Relationship-Building Is Only the First Step to Closing Retail Sales

Our success in this industry revolves around the ability of retail associates to build relationships with customers new and old, and in my 20 years of experience turning around troubled companies and retail locations, I’ve witnessed the same basic principles lead to success every time: relationship building, providing and fulfilling a need, and closing the sale.

These are the basics that you need to master if you want to not only be a great sales associate, but build a team of talented associates that results in success for the whole company. I’d like to share my wisdom on how to hone these skills.

I managed brick-and-mortar retail stores for more than 15 years and ran a “top five” store out of 100 in North Carolina. I was always in the top three for sales in the state personally, and was responsible for training all the associates, store managers and district managers in North Carolina — about 25 people each month. It was these years of training that shaped my beliefs about sales and management, and my tried-and-true method for success. Now, as the national sales director for United Consortium (System Jo), my view hasn’t changed. It’s still all about people.


People buy from friends, so as a sales person you must develop the ability to create a friendship immediately. Don’t worry, this can be learned! I’ve watched the shyest associates go from staring at their feet when customers walk in the door to actively participating with a few simple strategies.

Start with the first impression. Greet your customer at the soonest appropriate time, tell them your name and ask for theirs. There is nothing people like more than to hear their own names because it fosters the feeling of a “custom” experience. You can say, “Welcome! My name is Brian. And you are…?” Be excited to see them, give them a big smile and use an inviting tone of voice. I actually use a higher tone of voice when I deal with customers directly because I’ve noticed that it gets better results.

Remember that excitement is contagious. The customer will only be as excited to see you as you are to see them. If you’re gazing at the floor, why should they bother to engage? I used to tell my trainees, “Think about someone you’re excited to see every time you see them. How do they behave when you meet?” I always got the same answer: “They light up when they notice me, they smile and rush to give me a hug. They make me feel good.” I can think of several people like that in our industry, and whenever I go to events I anticipate seeing them because, let’s face it, we all want to feel good!

Creating & Fulfilling a Need

Every customer that walks through your door has a need they did not know they had, and you’re going to give it to them. Let’s say they come in looking for a specific toy. Great! Take them right to it. Then add, “If you like this, I think you would love this one!” Start walking to it and motion for them to follow. Choose the most expensive toy that is similar to the one they were seeking, believe it’s the best, and create a story for that item.

Story is a key element of this process. You can sell nothing without a story. Personal ones are the best, but if you do not have a personal story, steal one from someone else! You have nothing to lose by giving them some interesting details of your own or someone else’s experience with this toy or line of toys, and of course they can always say, “No, I want the other one.” You’re still making a sale. But why not build on their need, and use your expertise to guide them toward a fuller basket? “Great. Let’s get you that toy you came for, and then you’re going to need these, too!” Start walking to the accessories that go with the toy. They will follow.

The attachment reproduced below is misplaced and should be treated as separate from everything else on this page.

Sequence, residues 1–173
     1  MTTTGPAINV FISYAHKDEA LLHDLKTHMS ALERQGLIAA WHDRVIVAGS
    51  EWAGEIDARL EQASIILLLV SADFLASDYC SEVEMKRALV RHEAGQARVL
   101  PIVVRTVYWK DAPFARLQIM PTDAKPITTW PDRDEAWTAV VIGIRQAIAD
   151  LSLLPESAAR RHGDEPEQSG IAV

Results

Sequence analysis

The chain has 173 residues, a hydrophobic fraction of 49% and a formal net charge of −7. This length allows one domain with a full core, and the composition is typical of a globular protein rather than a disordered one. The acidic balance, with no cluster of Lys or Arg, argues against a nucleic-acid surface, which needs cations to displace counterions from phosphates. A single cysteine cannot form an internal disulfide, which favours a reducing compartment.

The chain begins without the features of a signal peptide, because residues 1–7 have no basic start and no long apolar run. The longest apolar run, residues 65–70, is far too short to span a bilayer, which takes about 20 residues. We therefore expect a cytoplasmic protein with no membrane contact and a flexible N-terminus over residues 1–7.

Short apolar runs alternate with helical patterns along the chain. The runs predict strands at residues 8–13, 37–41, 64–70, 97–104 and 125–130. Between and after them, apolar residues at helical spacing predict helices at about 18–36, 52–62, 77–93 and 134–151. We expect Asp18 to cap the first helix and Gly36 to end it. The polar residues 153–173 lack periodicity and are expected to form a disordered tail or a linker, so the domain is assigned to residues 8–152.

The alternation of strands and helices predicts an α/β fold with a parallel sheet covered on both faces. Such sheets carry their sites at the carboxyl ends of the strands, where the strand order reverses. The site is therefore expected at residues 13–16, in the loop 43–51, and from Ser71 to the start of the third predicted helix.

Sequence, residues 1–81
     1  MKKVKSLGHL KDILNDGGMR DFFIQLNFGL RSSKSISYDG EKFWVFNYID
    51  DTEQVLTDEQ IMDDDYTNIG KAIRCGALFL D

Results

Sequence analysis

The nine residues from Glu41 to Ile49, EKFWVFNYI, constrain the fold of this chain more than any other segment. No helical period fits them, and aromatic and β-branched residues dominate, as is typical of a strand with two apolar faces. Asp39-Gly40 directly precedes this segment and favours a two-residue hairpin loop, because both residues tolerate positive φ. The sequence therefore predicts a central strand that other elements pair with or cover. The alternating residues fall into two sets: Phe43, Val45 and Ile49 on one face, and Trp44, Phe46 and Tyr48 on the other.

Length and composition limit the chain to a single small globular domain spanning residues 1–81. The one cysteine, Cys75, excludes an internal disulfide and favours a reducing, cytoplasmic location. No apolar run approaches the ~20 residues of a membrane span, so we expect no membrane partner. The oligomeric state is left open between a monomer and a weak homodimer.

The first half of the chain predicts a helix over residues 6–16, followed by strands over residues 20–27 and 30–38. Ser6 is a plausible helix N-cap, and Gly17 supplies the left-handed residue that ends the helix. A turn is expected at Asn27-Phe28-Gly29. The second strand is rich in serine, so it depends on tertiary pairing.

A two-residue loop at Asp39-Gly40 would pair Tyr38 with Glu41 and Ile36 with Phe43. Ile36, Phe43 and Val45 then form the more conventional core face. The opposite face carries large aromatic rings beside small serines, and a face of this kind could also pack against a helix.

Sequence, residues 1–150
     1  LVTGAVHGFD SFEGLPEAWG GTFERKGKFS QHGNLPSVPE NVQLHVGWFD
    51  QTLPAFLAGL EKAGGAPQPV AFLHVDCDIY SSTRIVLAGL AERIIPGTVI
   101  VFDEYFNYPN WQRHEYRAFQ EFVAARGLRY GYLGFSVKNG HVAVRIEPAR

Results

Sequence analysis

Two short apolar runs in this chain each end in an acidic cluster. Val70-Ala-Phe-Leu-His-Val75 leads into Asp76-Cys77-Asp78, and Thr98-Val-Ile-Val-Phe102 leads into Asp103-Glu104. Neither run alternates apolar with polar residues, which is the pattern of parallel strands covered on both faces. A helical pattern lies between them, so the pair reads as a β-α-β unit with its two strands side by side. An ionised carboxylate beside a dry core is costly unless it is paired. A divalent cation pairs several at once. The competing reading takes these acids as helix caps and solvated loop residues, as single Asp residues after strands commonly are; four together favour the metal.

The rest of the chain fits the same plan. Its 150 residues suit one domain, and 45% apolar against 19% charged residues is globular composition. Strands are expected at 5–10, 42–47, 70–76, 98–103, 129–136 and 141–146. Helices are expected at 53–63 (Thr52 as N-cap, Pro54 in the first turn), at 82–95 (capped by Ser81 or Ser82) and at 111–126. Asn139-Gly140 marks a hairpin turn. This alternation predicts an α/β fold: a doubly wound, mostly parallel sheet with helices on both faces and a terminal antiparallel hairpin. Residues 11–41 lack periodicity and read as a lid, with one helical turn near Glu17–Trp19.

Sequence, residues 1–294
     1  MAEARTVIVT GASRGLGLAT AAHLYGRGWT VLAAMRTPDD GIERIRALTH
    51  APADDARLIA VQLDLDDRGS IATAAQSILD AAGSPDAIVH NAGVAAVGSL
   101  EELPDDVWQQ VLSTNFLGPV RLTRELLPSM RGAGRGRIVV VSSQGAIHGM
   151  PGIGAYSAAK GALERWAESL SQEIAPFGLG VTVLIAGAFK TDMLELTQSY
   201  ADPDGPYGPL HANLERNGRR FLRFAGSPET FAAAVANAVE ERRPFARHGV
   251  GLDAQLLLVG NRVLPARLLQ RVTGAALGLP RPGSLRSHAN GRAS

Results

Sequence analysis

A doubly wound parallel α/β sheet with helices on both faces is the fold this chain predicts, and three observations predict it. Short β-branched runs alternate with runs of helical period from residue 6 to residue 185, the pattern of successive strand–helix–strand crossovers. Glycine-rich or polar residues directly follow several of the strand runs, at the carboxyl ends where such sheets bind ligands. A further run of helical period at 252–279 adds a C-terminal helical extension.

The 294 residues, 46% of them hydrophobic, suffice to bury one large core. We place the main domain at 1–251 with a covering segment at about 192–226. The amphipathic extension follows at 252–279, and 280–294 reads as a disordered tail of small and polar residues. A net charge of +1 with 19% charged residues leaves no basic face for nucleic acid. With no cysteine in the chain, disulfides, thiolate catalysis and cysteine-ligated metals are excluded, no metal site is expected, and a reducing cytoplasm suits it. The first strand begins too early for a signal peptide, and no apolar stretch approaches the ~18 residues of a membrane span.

You are the expert. Remember, you only need to know one more thing than someone else to be an expert at something. “You will need this toy cleaner,” for example. Start with the most expensive. “Oh, you will need this lube,” you can say. Then start walking and they will follow. Do they have a loved one they want to be more intimate with? Have they seen the incredible items that just went on sale? Is there a question they have that may seem less embarrassing now that you are “friends”? You can even tell a story about a question that someone else once asked you that turned out not to be as embarrassing as the customer thought.

Closing the Sale

Believe it or not, I have seen sales lost time and time again due to not asking simple questions to get the customer to the register. After all the work put in with this person, you must make a closing statement that leads to finalizing the sale.

Here are the four main types of closes:

  1. Assume the sale: “Did you want to pay with cash or credit?”
  2. Give options: “Did you want me to ring you up for this toy or the other?”
  3. Suggestion close: “Based on your needs, I think this would be the best for you. Ready to take this home today?”
  4. Urgency: “Let’s ring you up. We just got these back in stock, and they keep selling out!”

I believe in these three principles, and I’m happy to share my wisdom with you because lifting up others is a win-win. Before my life in business operations, I was an infantry soldier in the U.S. Army assisting in public relations. I worked with the United Nations Honor Guard in Korea and traveled the country parachuting into airshows. It was an exhilarating time in my life, and I’ll never forget that feeling of winning over new people every day as a representative of my country.

I’ve carried those relationship-building skills with me into the business world and found that it’s the formula for success. I hope it works for you too!

Relationship-Building Is Only the First Step to Closing Retail Sales by Brian Woolard originally appeared in XBIZ

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